Dan Zhu, 'The Floating Seeds', 2022, watercolour, acrylic on paper, 70 x 100 cm
Dan Zhu, 'The Floating Seeds', 2022, watercolour, acrylic on paper, 70 x 100 cm

Now:

 

Anya Belyat Giunta
Diederik Gerlach
Dan Zhu

 

work on paper, drawings

26 May – 16 June 2024

 

Vernissage Sunday 26 May 16:00 – 18:00 hours

In her new works on paper Anya Belyat Giunta (1975) focuses on the secret garden. A symbolic place that we know as a primeval garden, garden of the Hesperides, garden of Eden or heavenly paradise, where the mystery of existence is hidden and our deepest desires and fears emerge. The gardens have exuberant vegetation and are bathed in an intense yellow light in which creatures appear that are both bizarre and touching. In other drawings, grotesque faces and bodies with bulging shapes transform into a kind of intimate landscapes that emerge as if in half-sleep. Anya Belyat Giunta sees them as territories of the soul hidden behind the directly perceptible.

Diederik Gerlach (1956) recently made a series of brush drawings in brown bistre tones in which he reinterprets well-known German landscapes such as the banks of the river Rhine or the Harz mountains. Compared to his precise paintings on panel they have a free and dynamic brushwork that brings movement to the image.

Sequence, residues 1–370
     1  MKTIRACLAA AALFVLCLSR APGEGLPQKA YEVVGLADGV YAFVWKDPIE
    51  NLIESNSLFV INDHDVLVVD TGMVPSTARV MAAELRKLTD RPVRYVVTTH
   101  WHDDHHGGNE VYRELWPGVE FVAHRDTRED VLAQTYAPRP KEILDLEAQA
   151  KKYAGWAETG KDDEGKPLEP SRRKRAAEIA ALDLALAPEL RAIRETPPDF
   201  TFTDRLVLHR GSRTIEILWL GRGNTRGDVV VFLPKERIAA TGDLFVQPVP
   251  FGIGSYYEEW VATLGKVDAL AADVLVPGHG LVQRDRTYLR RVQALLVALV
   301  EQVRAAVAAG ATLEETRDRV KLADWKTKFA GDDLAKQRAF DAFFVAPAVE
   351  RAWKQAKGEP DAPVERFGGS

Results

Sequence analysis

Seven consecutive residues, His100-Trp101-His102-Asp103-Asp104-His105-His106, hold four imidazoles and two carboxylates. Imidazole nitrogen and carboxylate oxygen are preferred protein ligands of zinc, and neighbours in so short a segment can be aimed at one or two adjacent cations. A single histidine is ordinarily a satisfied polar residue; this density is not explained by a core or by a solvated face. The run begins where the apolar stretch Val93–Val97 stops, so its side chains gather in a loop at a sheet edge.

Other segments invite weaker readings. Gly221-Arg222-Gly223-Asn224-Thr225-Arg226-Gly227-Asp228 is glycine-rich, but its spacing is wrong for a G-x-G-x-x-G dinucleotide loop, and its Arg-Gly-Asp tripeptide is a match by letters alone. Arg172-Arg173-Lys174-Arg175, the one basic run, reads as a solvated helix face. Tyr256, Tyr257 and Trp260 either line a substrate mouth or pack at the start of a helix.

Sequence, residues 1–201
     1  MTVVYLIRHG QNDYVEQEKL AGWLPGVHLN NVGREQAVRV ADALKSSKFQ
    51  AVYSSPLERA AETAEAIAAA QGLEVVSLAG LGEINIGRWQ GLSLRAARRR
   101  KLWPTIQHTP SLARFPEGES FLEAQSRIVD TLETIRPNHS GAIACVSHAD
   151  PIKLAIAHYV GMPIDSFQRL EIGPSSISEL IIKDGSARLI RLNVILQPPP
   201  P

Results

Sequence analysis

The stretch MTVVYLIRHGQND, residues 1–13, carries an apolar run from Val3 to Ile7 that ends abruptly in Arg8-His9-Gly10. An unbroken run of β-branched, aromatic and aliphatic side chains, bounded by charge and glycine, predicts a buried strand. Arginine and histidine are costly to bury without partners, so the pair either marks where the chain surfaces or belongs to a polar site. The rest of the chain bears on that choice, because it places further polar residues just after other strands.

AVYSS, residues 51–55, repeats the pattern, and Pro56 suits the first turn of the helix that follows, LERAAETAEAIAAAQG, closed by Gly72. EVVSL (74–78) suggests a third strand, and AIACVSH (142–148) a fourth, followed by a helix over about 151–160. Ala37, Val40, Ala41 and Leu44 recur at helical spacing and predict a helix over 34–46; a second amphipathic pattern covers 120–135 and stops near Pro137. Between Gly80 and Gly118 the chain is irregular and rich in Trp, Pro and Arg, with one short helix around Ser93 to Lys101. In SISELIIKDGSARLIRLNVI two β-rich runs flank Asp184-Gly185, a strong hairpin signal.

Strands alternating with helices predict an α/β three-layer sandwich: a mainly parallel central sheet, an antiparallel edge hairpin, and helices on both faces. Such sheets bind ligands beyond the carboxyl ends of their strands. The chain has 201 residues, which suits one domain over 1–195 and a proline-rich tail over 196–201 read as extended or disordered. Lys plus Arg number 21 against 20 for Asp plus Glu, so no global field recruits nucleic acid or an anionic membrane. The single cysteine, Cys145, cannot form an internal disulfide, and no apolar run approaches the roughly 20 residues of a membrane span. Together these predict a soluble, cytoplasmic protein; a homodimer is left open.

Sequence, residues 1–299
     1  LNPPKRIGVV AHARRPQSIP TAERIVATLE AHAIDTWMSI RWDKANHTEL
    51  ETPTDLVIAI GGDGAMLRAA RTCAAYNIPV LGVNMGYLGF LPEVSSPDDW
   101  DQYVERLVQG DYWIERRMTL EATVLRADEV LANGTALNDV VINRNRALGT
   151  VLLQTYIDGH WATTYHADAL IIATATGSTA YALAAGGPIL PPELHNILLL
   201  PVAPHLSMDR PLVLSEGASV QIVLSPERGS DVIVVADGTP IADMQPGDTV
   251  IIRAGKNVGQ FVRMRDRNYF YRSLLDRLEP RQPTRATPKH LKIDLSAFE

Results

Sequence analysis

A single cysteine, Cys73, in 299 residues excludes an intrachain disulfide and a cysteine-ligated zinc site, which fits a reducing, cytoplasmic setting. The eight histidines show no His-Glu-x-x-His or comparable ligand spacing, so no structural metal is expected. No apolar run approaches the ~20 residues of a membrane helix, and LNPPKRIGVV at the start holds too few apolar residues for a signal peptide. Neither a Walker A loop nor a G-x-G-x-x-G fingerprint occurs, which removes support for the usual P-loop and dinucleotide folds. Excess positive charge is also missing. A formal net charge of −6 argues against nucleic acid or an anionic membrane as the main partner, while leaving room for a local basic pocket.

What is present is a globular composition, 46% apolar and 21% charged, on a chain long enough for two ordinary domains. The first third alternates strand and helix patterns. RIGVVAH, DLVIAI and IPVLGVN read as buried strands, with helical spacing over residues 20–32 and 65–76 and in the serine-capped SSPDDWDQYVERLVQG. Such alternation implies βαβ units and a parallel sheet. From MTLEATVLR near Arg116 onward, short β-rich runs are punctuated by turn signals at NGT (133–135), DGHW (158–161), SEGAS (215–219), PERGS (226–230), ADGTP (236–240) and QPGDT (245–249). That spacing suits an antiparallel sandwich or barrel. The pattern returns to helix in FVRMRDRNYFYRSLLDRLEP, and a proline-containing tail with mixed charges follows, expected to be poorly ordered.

You could compare them with the Seelenlandschaften by Caspar David Friedrich in which the inner thoughts and emotions of the artist are mirrored in the landscape. As is often the case in his work, Gerlach incorporates elements like vertical lines or a dynamic wire figure into the image, which gives an alienating effect to the familiar landscapes.

Dan Zhu (1985) switches from a macro to a micro level in her work and applies parallel perspectives to reveal hidden energies in nature. Her images have something magical, ears turn into butterflies and seeds spread wavy lines that scan an interior. The so called Spirit Resonance from traditional Chinese painting is important; not the scientifically accurate representation is paramount, but the essence of an object or figure must be captured. For Dan Zhu, Western and Asian art are equally valuable, they are different paths that lead to the same goal. In her own words: “Curators or art historians are always swimming along the river, but artists are jumping all over the place.”